{
"name": "Math Application 1",
"path": "Z:\\Autoruns64.exe",
"icon_url": "",
"order": 0
},
{
"name": "Another Math App",
"path": "C:\\Windows\\System32\\taskmgr.exe",
"icon_url": "https://images.freeimages.com/fic/images/icons/2794/metro_ui/512/command_prompt.png",
"order": 1
},
{
"name": "Back to Main",
"path": "C:\\Windows\\System32\\WindowsPowerShell\\v1.0\\powershell.exe",
"arguments": "C:/ProgramData/Nutanix/Frame/FGA/Scripts/User/back_to_main.ps1",
"order": 2
}
],
"folders": []
}

Once these files are in place on the Sandbox, you can publish into production and test the results in an App Mode 2.0 enabled Launchpad.

Conclusion

With the implementation of App Mode 2.0, Frame has taken another giant step towards improving and personalizing end-user experiences. By enabling administrators to customize user interfaces, including the ability to dynamically modify the Start menu and application list, App Mode 2.0 provides the flexibility necessary for today's diverse and rapidly-changing work environments.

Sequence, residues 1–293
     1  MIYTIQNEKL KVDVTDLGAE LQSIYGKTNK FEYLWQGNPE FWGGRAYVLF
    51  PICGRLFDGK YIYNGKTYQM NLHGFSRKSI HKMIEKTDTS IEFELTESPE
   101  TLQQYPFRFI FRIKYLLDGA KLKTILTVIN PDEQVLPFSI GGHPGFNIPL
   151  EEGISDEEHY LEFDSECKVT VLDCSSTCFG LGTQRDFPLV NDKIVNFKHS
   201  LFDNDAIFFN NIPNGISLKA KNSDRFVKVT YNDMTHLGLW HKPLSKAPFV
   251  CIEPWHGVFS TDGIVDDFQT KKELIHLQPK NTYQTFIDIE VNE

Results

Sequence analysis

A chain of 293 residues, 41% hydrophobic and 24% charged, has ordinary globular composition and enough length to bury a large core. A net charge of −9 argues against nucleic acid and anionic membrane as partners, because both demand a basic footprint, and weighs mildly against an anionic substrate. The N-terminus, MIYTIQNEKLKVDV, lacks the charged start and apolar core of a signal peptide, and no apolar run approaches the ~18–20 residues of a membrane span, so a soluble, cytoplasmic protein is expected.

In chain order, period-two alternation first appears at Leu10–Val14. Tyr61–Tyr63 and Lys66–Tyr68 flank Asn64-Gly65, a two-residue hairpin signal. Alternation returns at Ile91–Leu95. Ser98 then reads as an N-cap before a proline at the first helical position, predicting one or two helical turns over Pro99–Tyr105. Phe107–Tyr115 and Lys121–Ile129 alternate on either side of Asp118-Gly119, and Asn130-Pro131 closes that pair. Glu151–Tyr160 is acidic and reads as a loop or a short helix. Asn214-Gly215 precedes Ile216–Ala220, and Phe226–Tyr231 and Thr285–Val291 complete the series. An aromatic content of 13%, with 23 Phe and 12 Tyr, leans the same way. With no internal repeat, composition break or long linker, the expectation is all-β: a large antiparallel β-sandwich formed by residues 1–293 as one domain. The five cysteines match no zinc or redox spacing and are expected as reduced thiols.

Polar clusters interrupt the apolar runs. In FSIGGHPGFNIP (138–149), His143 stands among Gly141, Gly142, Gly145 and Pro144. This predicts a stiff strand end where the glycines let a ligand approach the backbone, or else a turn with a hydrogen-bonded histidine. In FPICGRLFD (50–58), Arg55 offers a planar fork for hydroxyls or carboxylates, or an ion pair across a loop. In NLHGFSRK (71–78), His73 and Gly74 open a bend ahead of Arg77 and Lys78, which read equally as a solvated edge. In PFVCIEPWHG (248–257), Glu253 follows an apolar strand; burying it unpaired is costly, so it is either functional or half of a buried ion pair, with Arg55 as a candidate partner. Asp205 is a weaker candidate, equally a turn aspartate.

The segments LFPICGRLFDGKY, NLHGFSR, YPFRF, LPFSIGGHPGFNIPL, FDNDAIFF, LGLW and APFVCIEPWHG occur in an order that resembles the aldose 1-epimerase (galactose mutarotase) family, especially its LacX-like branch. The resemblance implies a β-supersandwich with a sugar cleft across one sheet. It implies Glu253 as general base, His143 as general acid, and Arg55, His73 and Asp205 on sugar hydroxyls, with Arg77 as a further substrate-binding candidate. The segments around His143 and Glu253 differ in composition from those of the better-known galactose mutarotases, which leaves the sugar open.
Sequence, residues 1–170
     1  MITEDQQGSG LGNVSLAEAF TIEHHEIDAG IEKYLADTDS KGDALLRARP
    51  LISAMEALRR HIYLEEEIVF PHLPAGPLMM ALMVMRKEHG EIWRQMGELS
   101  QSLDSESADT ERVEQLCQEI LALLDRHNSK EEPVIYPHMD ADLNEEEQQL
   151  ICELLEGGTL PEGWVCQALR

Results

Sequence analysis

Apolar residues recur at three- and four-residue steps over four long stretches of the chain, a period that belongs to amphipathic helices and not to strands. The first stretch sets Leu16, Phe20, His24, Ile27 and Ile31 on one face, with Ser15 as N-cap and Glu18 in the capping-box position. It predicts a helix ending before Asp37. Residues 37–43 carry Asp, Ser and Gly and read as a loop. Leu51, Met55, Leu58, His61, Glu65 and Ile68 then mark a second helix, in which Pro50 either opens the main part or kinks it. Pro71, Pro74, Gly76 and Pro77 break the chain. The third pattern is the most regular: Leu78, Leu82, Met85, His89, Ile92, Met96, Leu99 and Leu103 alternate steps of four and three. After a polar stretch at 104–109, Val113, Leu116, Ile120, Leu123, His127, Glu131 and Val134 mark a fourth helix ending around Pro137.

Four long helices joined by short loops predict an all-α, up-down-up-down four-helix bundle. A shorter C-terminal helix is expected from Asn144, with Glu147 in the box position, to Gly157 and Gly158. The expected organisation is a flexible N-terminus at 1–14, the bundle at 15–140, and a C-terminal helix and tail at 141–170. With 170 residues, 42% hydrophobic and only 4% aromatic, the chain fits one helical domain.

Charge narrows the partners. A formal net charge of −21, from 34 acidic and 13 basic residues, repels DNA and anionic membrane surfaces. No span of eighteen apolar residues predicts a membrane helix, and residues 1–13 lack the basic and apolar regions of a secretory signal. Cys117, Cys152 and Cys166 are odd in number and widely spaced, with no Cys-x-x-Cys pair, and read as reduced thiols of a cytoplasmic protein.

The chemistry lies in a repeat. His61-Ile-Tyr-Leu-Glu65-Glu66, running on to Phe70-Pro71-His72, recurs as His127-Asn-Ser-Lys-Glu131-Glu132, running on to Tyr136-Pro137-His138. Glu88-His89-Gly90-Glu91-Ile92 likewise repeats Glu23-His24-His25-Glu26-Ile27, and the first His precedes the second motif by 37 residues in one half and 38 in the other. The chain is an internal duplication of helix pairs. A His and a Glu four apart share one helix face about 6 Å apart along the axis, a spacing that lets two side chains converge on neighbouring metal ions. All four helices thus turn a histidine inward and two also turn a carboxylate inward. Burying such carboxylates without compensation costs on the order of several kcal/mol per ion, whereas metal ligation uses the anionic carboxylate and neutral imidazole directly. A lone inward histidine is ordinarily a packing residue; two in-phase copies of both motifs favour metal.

As we continue to develop and refine Frame, we'll focus on introducing more dynamic customization options to further enhance end-user experiences and meet our customers' evolving needs.

Stay tuned for future updates, as we explore more features and provide more in-depth tutorials on how to get the most out of Frame. Remember, small changes can indeed have a big impact!

Interested in other Admin API blog posts? Click here!

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Justin Emilio
More content created by Justin Emilio
Justin Emilio is a Senior Solutions Architect with Frame.